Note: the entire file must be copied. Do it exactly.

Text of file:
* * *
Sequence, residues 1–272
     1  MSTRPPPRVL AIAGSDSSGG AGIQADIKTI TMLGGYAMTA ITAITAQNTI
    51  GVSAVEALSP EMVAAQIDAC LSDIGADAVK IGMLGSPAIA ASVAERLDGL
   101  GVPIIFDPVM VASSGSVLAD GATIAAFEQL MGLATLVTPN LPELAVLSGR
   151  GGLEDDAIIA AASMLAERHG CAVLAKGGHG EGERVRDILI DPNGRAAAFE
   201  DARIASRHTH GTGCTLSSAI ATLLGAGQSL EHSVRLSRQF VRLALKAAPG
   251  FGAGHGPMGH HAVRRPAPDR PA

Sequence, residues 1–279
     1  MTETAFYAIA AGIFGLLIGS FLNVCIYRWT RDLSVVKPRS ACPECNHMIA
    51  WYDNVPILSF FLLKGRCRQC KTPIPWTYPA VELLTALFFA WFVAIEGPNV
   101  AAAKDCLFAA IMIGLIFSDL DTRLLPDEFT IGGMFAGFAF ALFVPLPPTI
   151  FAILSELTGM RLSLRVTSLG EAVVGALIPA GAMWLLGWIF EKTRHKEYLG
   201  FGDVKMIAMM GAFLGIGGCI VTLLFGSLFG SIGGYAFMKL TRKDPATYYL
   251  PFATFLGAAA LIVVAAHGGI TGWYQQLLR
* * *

Sequence, residues 1–272
     1  MSTRPPPRVL AIAGSDSSGG AGIQADIKTI TMLGGYAMTA ITAITAQNTI
    51  GVSAVEALSP EMVAAQIDAC LSDIGADAVK IGMLGSPAIA ASVAERLDGL
   101  GVPIIFDPVM VASSGSVLAD GATIAAFEQL MGLATLVTPN LPELAVLSGR
   151  GGLEDDAIIA AASMLAERHG CAVLAKGGHG EGERVRDILI DPNGRAAAFE
   201  DARIASRHTH GTGCTLSSAI ATLLGAGQSL EHSVRLSRQF VRLALKAAPG
   251  FGAGHGPMGH HAVRRPAPDR PA

Sequence, residues 1–279
     1  MTETAFYAIA AGIFGLLIGS FLNVCIYRWT RDLSVVKPRS ACPECNHMIA
    51  WYDNVPILSF FLLKGRCRQC KTPIPWTYPA VELLTALFFA WFVAIEGPNV
   101  AAAKDCLFAA IMIGLIFSDL DTRLLPDEFT IGGMFAGFAF ALFVPLPPTI
   151  FAILSELTGM RLSLRVTSLG EAVVGALIPA GAMWLLGWIF EKTRHKEYLG
   201  FGDVKMIAMM GAFLGIGGCI VTLLFGSLFG SIGGYAFMKL TRKDPATYYL
   251  PFATFLGAAA LIVVAAHGGI TGWYQQLLR